MICHIGAN CITY – Local officials are praising city and county residents for doing their part to help control the coronavirus outbreak and telling them to keep up under more stringent guidelines.
"What a crazy time," La Porte County Commissioner Sheila Matias said in a statement.
"Once again, I see that in turbulent times, people yearn for leadership as they face their fears and the what-if's. We're making decisions with you in mind as the daily situations evolve. I find myself speaking to people about the value of calmness and kindness. This is our time to care for one another and show what we are really about as Americans."
Gov. Eric Holcomb issued an executive order Monday calling on Indiana residents to stay home as much as possible, and Michigan City Police Chief Dion Campbell is calling on city residents to comply.
"Governor Holcomb issued a Stay at Home Order that is in effect from March 25-April 7," Campbell said. "This is a crucial step in assuring that Hoosiers everywhere limit their contact with other people and drastically slow down and stop the spread of COVID-19.
What does the order mean to Michigan City residents?
The chief said it simply limits your travel outside of the home to "essential and/or necessary activities," such as: traveling to work, taking care of a loved one, necessary doctor appointments and to gather necessary household suppliesjust to name a few.
"This order, although now official, is what most Michigan City residents have been doing since the middle of last week," Campbell said.
"The Stay at Home Order is to be used in conjunction with all of the other COVID-19 protocols that have been in place to include: social distancing (6 feet), frequent hand washing, using tissues to cover coughs and sneezes, and frequent cleaning of high-touch areas in your home and office such as door handles, light switches, tables, and chairs."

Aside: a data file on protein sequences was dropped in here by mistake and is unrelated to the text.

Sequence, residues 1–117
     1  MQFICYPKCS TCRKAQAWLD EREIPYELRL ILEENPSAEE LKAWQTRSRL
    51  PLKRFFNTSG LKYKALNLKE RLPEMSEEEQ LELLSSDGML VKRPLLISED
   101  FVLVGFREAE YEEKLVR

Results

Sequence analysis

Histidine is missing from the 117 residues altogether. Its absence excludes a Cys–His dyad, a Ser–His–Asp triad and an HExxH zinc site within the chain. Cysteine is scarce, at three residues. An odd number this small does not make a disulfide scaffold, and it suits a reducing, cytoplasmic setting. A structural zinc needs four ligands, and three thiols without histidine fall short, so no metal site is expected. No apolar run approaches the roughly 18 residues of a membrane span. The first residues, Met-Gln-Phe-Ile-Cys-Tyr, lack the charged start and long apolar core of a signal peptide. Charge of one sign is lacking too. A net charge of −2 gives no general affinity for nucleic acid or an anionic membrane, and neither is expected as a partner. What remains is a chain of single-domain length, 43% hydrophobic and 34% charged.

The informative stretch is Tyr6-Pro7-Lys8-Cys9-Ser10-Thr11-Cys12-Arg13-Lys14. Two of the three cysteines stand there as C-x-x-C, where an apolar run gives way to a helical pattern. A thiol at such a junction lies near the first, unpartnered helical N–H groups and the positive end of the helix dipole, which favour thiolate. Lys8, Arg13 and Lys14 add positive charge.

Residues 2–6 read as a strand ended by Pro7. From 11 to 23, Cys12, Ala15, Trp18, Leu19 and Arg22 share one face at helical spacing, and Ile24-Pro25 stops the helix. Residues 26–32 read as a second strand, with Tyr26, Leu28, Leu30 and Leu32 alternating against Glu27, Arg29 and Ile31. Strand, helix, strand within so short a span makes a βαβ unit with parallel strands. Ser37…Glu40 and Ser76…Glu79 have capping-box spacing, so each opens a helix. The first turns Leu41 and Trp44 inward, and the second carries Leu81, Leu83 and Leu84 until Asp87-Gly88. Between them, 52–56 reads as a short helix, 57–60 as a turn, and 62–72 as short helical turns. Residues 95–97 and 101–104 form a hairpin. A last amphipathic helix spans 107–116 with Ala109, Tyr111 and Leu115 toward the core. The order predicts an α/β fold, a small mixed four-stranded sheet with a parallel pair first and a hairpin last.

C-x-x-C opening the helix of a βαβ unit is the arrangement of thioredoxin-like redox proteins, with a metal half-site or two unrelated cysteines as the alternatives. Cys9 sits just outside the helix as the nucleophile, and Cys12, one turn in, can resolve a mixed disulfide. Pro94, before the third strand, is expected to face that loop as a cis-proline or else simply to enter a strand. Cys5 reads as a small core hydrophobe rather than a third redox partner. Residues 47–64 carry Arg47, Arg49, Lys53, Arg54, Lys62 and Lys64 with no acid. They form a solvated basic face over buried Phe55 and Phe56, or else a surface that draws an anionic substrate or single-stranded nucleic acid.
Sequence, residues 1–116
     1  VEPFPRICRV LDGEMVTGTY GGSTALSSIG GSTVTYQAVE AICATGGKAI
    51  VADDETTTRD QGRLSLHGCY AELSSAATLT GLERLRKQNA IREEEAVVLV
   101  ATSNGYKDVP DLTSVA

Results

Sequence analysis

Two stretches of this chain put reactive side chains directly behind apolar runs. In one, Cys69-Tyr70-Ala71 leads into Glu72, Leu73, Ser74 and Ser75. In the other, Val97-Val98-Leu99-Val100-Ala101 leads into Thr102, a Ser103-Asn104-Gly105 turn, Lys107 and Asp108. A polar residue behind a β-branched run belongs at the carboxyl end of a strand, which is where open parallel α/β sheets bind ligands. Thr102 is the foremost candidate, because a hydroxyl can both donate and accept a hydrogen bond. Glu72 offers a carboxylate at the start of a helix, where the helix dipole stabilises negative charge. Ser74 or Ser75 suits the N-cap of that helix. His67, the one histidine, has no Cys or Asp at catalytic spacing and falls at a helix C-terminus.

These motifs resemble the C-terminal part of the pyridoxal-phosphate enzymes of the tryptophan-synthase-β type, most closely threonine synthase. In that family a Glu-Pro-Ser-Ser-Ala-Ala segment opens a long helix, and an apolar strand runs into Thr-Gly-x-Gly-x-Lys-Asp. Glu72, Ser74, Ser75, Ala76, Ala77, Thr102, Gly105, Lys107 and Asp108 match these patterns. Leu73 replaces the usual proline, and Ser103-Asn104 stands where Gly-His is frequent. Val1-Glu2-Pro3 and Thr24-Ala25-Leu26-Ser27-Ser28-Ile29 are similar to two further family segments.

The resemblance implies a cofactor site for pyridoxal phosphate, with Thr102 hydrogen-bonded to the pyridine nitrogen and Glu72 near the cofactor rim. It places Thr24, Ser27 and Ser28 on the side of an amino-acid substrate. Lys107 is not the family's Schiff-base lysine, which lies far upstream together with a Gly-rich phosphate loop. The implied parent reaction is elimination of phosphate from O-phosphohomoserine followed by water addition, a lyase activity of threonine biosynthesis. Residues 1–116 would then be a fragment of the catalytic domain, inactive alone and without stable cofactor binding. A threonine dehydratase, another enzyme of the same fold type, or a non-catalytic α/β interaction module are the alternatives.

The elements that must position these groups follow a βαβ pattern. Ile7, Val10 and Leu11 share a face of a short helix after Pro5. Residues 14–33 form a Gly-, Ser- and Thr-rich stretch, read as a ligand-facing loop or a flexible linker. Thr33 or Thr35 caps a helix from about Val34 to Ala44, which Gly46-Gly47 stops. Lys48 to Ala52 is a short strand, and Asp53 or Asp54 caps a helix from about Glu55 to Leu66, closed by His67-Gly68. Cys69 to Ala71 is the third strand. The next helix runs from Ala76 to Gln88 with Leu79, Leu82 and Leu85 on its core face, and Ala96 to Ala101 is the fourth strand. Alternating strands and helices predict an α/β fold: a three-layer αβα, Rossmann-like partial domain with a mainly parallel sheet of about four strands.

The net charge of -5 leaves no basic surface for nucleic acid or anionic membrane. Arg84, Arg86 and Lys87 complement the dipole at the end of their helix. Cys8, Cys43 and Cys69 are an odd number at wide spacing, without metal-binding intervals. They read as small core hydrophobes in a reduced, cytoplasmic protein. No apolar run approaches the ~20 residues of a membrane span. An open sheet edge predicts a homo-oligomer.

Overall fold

Holcomb also announced the closure of state license branches for in-person services and issued a 60-day extension to all driver’s license and vehicle registration expirations.
"This means that every Michigan City resident with an Indiana issued identification and vehicle registration will have a 60-day extension past their expiration date to get it updated," Campbell said.
"During this time, the Michigan City Police Department will not be issuing citations for these violations. We understand that everyone has so many more important issues to deal with and worrying about getting a ticket for an expired driver’s license or license plate shouldn’t be one of them," he said.
Campbell said the MCPD "strongly encourage all Michigan City residents to adhere to Governor Holcomb’s Stay at Home Order and all other COVID-19 safety protocols.
"The time we spend fighting COVID-19 is dependent on our actions and ability to follow the general rules now! If we all continue to follow the guidelines and work through the inconveniences now, we can greatly reduce the COVID-19 spread and all get back to our normal lives as quickly as possible.
"On a global scale, no one has been this way before. As a community, we will make it through this together ... and remember this is temporary."
Campbell said the city has done a remarkable job so far.
"I am amazed at how the citizens of this community are reaching out and helping each other. In the worst of times, the best comes out of us."
Brillson called it a stressful but rewarding time to be in a leadership position.
"These have been busy and high-stress days exercising that leadership muscle as we work together as a team across jurisdictions with the feds, the state, county health, mayors, law enforcement, health care providers, the judicial system, schools, EMS, Emergency Management ... trying to ensure that we are working together to keep both our community and our valued employees safe and healthy."